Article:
as these conditions are very rare in the general population
and even less likely to be associated with modifiable adverse
pregnancy outcomes. The most recent guidelines from the
American College of Obstetrics and Gynecology postulate
that women in whom knowledge of a thrombophilia will
directly impact clinical management should be considered
for screening [42]. Therefore, women with a history of
spontaneous VTE or first degree relatives with significant
clotting histories should be considered for testing. ACOG
guidelines do not recommend screening women with a
history of recurrent or nonrecurrent early fetal losses or
adverse pregnancy outcomes due to lack of evidence from
clinical data. Screening is controversial in women who
experience the loss in later stages of pregnancy and who have
placental pathology that suggests that ischemia, infarct, or
vessel thrombosis may have contributed to the fetal demise
since there is a low rate of recurrence of these outcomes and
the clinical data is still lacking.
All testing for these thrombophilic disorders should
occur well out from clotting events or pregnancy as acute
issues can affect testing results. Also, the patients should
not be receiving anticoagulation when testing is performed
as antithrombin levels can be inaccurate in patients using
heparin products and protein C and protein S levels will be
lower in patients on warfarin.

5. Administration of Anticoagulation
during Pregnancy
The anticoagulant of choice during pregnancy is low molecular weight heparin (LMWH), although adjusted-dose unfractionated heparin (UHF) can also be used. Low molecular
weight heparin is preferred because of its extended half-life,
better bioavailability, and ease of use and decreased incidence
of bone loss in comparison to unfractionated heparin. Benzyl
alcohol is frequently used as a preservative for multidose
vials of unfractionated heparin, and when administered to
neonates can result in respiratory distress and even death.
Unfractionated heparin preserved with benzyl alcohol should
be used cautiously immediately prior to delivery. For patients
with acute VTE on treatment dose heparin, admission to
the hospital for intravenous unfractionated heparin prior to
delivery may be warranted. The low volume of prophylactic


Table 3

Unfractionated heparin




5000 U twice daily

10,000 U twice daily

40 mg every 12 hours
or 1 mg/kg daily
5000 U every 12 hours

Titrate to PTT 1.52.5 control


40 mg daily


5000 U daily

dose unfractionated heparin administered, or the use of

prefilled syringes which do not contain benzyl alcohol, is
less concerning. Warfarin is usually avoided after the first
trimester because of concern for warfarin embryopathy.
Anticoagulation with low molecular weight heparin is usually
initiated during the antepartum period and switched at the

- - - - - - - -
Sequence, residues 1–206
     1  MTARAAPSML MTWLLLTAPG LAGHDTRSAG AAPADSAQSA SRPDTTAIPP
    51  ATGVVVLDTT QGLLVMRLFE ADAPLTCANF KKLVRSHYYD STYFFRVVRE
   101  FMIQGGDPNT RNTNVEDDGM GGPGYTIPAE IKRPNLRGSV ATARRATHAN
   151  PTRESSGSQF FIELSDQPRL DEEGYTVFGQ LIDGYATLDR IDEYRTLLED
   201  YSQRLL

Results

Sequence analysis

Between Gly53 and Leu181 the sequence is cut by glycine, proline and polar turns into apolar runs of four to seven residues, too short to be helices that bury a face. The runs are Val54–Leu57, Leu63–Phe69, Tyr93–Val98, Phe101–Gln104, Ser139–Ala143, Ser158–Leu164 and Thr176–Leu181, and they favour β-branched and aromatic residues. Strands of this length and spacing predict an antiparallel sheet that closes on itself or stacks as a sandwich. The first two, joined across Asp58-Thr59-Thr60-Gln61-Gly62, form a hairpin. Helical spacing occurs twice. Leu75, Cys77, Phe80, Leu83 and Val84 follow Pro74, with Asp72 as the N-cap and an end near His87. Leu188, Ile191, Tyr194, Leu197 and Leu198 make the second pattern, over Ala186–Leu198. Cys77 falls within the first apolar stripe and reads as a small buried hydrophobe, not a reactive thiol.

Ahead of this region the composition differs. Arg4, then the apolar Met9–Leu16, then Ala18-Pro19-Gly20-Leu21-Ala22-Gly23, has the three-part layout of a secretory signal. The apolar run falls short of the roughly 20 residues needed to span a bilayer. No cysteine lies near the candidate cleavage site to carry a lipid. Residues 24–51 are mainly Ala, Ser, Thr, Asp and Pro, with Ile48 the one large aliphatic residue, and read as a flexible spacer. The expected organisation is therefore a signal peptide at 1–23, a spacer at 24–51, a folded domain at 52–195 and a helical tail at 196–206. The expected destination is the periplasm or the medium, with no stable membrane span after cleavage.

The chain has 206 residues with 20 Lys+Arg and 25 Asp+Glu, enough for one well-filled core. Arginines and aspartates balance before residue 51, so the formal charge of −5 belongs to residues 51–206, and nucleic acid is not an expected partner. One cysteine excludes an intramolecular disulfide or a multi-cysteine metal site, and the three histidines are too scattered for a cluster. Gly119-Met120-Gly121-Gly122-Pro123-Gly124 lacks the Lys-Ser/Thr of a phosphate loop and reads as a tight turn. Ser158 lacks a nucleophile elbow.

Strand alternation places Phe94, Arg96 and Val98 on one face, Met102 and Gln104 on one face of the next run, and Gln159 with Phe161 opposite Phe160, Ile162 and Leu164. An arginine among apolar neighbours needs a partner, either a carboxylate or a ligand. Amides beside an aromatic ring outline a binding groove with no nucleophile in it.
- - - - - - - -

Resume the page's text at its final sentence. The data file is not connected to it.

36th week of pregnancy to unfractionated heparin in order
to avoid concern for epidural anesthesia complications that
can occur with the longer half-life of low molecular weight
heparins. Anticoagulation for VTE should be continued
for at least 36 months from development of VTE but if
VTE is found early in gestation, anticoagulation should be
continued through delivery and for at least 46 weeks postpartum depending on recovery from birth and underlying
thrombophilic conditions. In the postpartum period, either
continuation of low molecular weight heparin or bridging to
warfarin is acceptable options.
The optimal prophylactic dose of heparin or LMWH has
not been determined for pregnant women. Pregnant women
have been shown to require higher doses of UFH to achieve
both prophylactic and therapeutic levels of anticoagulation
[44]. Therapeutic dose LMWH requires dose adjustment during pregnancy as weight increases. Peak anti-Xa activity has
been found to be lower in pregnant women than postpartum
women [45]. While many mechanisms, such as increased
renal clearance, increased plasma volume, and increased
procoagulant protein levels, are thought to play a role in the
need for increased heparin or LMWH dose, it is difficult to
perform studies in pregnant women. Use of intermediate dose
UFH or LMWH is an accepted strategy for VTE prophylaxis
in pregnant women with increased risk of recurrent VTE, and
is endorsed by ACCP guidelines [46].
For patients with moderate to high risk of recurrent VTE
(prior DVT and strong thrombophilia), intermediate intensity anticoagulation is recommended. Intermediate intensity
dosing can consist of 40 mg enoxaparin every 12 hours or
enoxaparin 1 mg/kg once daily. Suggested anticoagulant doses
are in Table 3.
Target anti-Xa level for prophylactic dose LMWH is 0.1
0.3 four hours after administration. For those who require
therapeutic dose, weight-based dosing of either enoxaparin
(1 mg/kg every 12 hours) or dalteparin (100 U/kg every 12